Stumbling to Death

September 23rd, 2010

Tomer Hanuka’s illustration for short fiction by Ron Carlson

Pesticides Indicted in Bee Deaths (via Free Online Library)

Imidacloprid

A fairly common insecticide; toxic to birds; toxic to aquatic invertebrates; highly toxic to bees:

The chemical works by interfering with the transmission of stimuli in the insect nervous system. Specifically, it causes a blockage in a type of neuronal pathway (nicotinergic) that is more abundant in insects than in warm-blooded animals (making the chemical selectively more toxic to insects than warm-blooded animals). This blockage leads to the accumulation of acetylcholine, an important neurotransmitter, resulting in the insect’s paralysis, and eventually death. [1]

Clothianidin

Just Google this one yourself. It’s already banned in Germany and France until it can be proven that it’s not harmful to bees. God f—ing bless America and the EPA! It’s a good thing the manufacturers have proven to them that it’s a safe product.

Both of these insecticides are Neonicotinoids [2].

So why is something like this even being used?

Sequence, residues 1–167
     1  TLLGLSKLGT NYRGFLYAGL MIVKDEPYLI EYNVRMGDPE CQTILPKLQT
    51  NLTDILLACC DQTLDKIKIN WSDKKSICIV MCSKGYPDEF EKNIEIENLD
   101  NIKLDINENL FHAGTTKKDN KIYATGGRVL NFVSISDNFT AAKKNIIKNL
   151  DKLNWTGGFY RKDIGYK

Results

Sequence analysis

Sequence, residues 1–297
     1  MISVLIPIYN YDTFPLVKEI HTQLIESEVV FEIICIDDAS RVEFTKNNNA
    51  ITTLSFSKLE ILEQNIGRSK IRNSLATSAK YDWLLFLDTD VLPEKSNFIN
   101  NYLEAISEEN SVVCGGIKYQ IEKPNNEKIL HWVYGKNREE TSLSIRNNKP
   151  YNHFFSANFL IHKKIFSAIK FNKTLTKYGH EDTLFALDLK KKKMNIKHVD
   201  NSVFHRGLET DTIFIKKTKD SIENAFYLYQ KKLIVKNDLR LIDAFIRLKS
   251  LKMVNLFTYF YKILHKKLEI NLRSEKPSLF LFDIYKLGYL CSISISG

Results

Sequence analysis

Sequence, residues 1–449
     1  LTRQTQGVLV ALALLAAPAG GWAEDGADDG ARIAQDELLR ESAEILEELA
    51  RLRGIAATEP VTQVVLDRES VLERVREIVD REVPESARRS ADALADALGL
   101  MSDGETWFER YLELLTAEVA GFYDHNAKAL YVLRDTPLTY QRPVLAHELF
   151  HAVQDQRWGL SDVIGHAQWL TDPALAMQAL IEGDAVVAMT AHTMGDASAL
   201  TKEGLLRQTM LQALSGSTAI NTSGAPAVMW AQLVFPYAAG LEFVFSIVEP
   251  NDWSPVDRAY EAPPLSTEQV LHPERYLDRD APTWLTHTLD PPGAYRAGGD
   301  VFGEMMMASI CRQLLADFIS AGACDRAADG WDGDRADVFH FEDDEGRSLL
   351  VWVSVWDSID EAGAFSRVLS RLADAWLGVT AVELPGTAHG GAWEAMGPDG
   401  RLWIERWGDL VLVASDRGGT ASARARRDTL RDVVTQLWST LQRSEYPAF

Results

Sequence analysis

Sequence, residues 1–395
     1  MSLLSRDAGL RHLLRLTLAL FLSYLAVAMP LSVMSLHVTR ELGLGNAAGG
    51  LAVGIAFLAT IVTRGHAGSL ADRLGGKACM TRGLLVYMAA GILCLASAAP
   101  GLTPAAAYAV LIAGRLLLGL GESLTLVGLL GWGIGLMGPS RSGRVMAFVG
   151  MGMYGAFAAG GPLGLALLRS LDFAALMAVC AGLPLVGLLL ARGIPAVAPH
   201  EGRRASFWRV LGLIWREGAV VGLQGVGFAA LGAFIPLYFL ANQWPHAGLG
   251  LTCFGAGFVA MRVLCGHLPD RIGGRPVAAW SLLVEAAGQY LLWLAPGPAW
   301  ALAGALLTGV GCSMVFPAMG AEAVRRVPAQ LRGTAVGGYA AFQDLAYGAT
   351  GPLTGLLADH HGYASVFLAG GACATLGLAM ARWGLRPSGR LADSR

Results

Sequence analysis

Marching Corporations and the Apathetic Masses

I found that sad article on bees right around the same time I came across the following Lebbeus Woods entry on Barbarism:

In some ways it is surprising how little society has ‘progressed.’ One would think that thousands of years of human experience, well documented in histories and art would somehow inform people in the present about the best things to do. Not so. Consistent with my contention that knowledge cannot be passed on from one generation to the next, but only data, and therefore that knowledge has to be continually re-invented, it seems we have to relive for ourselves all the tragedies and the triumphs of being human, in order to learn their lessons. And when we die, the next generation will have to start all over again, with our data—the testimonies of our experiences—useful only as guides. If they could do it, so can we: “The best thing about history,” Goethe said,” is that it inspires us.” The downside of his bit of wisdom is that it can’t do much else. From Lebbeus Woods’ post “Barbarism”

How are we not living in The Sheep Look Up?

Cover Illustration for The Sheep Look Up, John Brunner by Murray Tinkelman; short review here to the point of political oblivion.

Sources:
[1] From: EXTOXNET— a cooperative effort of University of California-Davis, Oregon State University, Michigan State University, Cornell University, and the University of Idaho.
[2] Wikipedia, of course.
[3] From Lebbeus Woods’ post “Barbarism”



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